In ten minutes, the red smoke appeared, coming up from sewer grates, from building fronts, manhole covers, basement loading doors.

For two blocks.

“You’ve got to be fucking shitting me.” PFC Karlajic said.

“My thoughts exactly, my thoughts exactly,” Sgt. Jamison replied.


Late afternoon sun glinted off skyscraper glass, reflecting a false sunshine onto the streets.

The chalk waited, the captain observed, weapons were checked, eyes searched.

Then the red clouds dissipated.

“There,” Sgt. Jamison said, “sewer grate in front of First National Bank. Smoke still coming out. Must be something big below ground level.”

“Alright, Sergeant, ready your men,” Captain Wagner said, “I’ll radio for more support.”

The shadows grew longer; a second chalk converged on First National Bank. Men dismounted and formed up in ranks.

Pvt. Gonzales fell in. The gibbering voice in the dark, at first still a whisper in the back of his mind, grew to a whisper at his elbow.

He turned sweating to Karlajic. “Hey Karl, I gotta ask you something.”

PFC Karlajic replied, “Yeah, what?”

“Do you hear anything?” Gonzales said.

PFC Karlajic turned an ear. Above and behind the subdued chatter of the men and the Humvee’s engines, he could hear the wind uttering a mocking dirge.

“Nah. Nothing, bro. Why?” he said.

Gonzales hesitated. “Must be my ears still ringing.”

Karlajic looked closer; Gonzales’ olive complexion was pale. “Don’t forget your EarPro. And stay frosty, mi hermano.”

Gonzales put in his ear plugs, licking his lips. “Icy, let’s get some.”

With his ears plugged, the gibbering grew distinct; there were many voices now, just at that threshold.


In the baroque marble clad bank lobby, Cpt. Pulaski bitched. “Of course the fucking power has to be out.”

Pvt. Gonzales once more took point. Sgt. Jamison, with the rest of the squad, followed him down one level into the vaults. Once more, the world was plunged into a green, twilit hell.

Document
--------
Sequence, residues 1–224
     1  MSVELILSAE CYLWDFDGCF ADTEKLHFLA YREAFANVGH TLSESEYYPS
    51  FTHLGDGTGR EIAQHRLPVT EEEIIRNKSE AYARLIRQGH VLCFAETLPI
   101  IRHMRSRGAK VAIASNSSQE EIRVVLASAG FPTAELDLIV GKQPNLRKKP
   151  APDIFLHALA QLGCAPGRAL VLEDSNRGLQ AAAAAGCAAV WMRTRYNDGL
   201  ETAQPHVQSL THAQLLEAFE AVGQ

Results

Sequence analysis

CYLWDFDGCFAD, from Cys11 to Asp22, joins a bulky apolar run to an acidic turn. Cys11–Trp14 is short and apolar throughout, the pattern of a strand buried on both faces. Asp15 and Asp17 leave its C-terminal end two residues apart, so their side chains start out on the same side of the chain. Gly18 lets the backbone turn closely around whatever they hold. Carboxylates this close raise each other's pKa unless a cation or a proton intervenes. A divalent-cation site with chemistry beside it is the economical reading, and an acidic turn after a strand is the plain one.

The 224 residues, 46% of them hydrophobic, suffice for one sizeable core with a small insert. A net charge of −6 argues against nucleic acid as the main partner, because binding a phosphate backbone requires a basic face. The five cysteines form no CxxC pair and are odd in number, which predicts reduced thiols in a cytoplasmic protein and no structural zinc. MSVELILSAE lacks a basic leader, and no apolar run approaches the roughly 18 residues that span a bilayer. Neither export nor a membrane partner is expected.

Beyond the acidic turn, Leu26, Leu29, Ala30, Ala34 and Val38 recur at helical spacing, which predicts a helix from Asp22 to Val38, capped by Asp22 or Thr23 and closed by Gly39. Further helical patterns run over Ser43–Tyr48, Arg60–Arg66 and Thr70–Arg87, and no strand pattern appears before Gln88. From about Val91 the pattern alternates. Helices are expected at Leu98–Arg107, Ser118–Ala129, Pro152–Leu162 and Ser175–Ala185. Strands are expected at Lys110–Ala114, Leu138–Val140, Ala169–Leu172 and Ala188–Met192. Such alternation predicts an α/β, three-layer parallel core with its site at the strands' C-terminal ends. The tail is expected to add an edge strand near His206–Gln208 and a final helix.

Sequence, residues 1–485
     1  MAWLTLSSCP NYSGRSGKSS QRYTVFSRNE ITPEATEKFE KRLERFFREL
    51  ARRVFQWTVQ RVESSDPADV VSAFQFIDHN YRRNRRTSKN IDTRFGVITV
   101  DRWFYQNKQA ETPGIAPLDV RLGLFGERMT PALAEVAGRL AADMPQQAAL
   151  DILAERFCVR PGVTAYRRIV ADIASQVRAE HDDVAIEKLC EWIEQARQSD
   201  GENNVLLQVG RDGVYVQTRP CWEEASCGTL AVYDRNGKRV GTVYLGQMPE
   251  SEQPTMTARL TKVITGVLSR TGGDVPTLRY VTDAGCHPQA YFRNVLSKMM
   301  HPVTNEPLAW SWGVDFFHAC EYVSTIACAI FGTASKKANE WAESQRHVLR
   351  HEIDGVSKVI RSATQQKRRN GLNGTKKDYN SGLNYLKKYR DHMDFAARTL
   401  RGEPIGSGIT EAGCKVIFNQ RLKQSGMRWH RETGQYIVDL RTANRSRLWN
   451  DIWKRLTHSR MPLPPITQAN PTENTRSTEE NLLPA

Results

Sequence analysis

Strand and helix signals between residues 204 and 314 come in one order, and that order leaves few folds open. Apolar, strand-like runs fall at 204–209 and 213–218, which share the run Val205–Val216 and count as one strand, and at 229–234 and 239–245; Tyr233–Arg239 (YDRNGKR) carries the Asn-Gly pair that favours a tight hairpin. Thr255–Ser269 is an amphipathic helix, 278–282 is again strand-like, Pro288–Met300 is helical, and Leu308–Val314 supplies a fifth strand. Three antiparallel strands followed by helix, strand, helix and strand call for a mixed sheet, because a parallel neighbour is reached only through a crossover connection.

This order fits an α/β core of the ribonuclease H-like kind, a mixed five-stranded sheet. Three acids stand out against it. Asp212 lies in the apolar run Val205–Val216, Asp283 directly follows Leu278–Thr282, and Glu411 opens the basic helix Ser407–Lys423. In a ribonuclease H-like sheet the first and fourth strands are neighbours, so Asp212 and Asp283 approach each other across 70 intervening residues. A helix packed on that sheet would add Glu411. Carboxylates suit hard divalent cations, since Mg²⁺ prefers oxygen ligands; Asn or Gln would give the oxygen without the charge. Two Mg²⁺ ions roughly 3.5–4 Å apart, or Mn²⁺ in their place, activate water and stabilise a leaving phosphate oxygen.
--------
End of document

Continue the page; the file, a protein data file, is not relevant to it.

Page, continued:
Gonzales shouldered his M4 snugly, gliding like oil on water, checking forward.

The vault rooms were abandoned in a hurry. A security desk in disarray, file folders scattered across the floor.

Behind a locked grate, safety deposit boxes had been left flung open.

Soft-soled tactical boots made muted footfalls on the marble floor.

More men from a second squad followed behind.

Sgt. Jamison radioed the team assembled before the main vault. “Clear. Squad two hold here; we’re heading down to the basement and sewer access areas. Maintain radio contact and relays between us and the surface. Sgt. Jamison out.”

Squad Two’s sergeant approached Sgt. Jamison. “Take three of my men as reinforcement.”

“Okay, who you got?”

“Privates Hawkins, Buono, and Lee,” Two’s sergeant said, turning to his men. “Yo, Hawkins, Buono, Lee, go with One.”


The first basement was a forest of pillars; ribbed vaulting soared overhead. Old file cabinets and desks littered the space.

PFC Karlajic alerted Sgt. Jamison, “Sarge, got something.”

Sgt. Jamison looked at a dark pool on the floor highlighted by Karlajic’s IR illuminator.

Sgt. Jamison flipped his NVDs up and retracted the IR filter on his flashlight; a brilliant white split the gloom, then blacked out again.

“Yep. Red,” he said.

“Looks fresh,” Karlajic said.

“Smells it, too. It trails to the west,” Sgt. Jamison said.

“Sarge, that’s where the elevators and stairs are to the sub-basements.”

“Yeah, I don’t like it either.” Sgt. Jamison radioed the rest of the team, “Form a skirmish line. Gonzales, take right flank, Karlajic, left.”

In five minutes, Squad One swept the basement. The sweep went by the book until Gonzales spotted the piles in front of the elevator banks.